DirectorJames P. Hogan
Release Date(s)1937 (September 20, 2022)
Studio(s)Paramount Pictures (Kino Lorber Studio Classics)
- Film/Program Grade: C-
- Video Grade: A-
- Audio Grade: B
- Extras Grade: B
The Last Train from Madrid takes place during the Spanish Civil War and was made before the outcome was known. Taking a cue from Grand Hotel, the film offers a roster of stars and several stories developing simultaneously. The basic plot of characters trapped in a time of war and desperate to leave would be used five years later, far more successfully, in Casablanca.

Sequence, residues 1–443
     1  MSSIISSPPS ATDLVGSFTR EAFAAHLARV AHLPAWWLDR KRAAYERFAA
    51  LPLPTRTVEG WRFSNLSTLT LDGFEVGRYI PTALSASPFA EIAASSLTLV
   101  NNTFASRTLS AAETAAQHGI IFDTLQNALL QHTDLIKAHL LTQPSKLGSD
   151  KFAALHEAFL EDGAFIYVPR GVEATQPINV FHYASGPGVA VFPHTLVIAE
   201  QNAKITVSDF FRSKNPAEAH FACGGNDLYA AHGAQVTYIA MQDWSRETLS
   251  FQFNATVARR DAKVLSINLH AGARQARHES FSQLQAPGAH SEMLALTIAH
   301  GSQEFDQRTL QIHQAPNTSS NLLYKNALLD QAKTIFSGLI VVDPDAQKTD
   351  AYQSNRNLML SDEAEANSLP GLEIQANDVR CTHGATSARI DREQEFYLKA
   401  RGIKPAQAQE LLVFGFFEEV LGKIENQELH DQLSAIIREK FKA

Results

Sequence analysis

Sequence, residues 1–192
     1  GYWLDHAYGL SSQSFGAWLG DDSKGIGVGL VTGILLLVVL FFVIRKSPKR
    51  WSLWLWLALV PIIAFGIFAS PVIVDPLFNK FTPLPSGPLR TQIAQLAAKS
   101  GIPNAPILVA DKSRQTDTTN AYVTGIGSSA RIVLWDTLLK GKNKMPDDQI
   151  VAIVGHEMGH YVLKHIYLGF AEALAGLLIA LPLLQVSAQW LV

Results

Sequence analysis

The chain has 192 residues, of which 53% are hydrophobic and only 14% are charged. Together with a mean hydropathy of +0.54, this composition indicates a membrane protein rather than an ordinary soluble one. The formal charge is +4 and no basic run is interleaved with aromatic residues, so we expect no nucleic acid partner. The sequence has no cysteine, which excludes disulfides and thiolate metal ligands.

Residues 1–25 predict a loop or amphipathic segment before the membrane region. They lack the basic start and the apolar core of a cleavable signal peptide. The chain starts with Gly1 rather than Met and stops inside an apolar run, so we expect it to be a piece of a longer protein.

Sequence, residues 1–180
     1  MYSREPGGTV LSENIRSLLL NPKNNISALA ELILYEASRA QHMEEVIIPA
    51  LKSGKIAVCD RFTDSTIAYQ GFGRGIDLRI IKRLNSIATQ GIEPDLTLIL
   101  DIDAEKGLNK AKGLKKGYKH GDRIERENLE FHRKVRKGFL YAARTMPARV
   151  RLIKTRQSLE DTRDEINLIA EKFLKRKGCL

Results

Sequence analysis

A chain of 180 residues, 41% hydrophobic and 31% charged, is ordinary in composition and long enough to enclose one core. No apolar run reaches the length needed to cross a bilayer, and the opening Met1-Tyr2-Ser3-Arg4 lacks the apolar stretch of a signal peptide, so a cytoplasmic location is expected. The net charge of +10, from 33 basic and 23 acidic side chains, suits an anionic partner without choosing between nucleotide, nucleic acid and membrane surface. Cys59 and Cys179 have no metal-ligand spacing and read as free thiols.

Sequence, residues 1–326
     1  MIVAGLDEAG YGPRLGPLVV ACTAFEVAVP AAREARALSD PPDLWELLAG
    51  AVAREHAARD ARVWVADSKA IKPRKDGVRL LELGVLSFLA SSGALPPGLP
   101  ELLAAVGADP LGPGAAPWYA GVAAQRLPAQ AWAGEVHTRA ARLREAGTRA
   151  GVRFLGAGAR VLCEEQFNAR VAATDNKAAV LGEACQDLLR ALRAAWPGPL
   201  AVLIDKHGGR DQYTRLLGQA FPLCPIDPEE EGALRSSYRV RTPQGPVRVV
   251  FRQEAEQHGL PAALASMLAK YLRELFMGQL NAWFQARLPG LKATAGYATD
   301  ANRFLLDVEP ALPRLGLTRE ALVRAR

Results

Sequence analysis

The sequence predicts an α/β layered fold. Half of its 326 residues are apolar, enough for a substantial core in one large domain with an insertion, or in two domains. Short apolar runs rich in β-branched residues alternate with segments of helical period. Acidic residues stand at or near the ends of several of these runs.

In war-torn Madrid, the Loyalists are in control under the command of Col. Vigo (Lionel Atwill). The colonel puts Capt. Ricardo Alvarez (Anthony Quinn) in charge of granting passes to board the last train out of the city before the tracks are destroyed. Among the multitudes desperate for a pass are political fugitive Michael Balk (Lee Bowman); his daughter (Olympia Bradna); Lola (Helen Mack), who lives off of sugar daddies; a baroness (Karen Morley); a soldier assigned to a firing squad who refused to shoot helpless prisoners (Robert Cummings); American newspaper reporter Bill Dexter (Lew Ayres), and Eduardo de Soto (Gilbert Roland), who once swore an oath of comradeship with Capt. Alvarez but has taken the opposite side of the conflict. Further complicating their relationship is Carmelita Castillo (Dorothy Lamour), the woman they both love. If you look carefully, you will also see Alan Ladd as a soldier (in an uncredited appearance).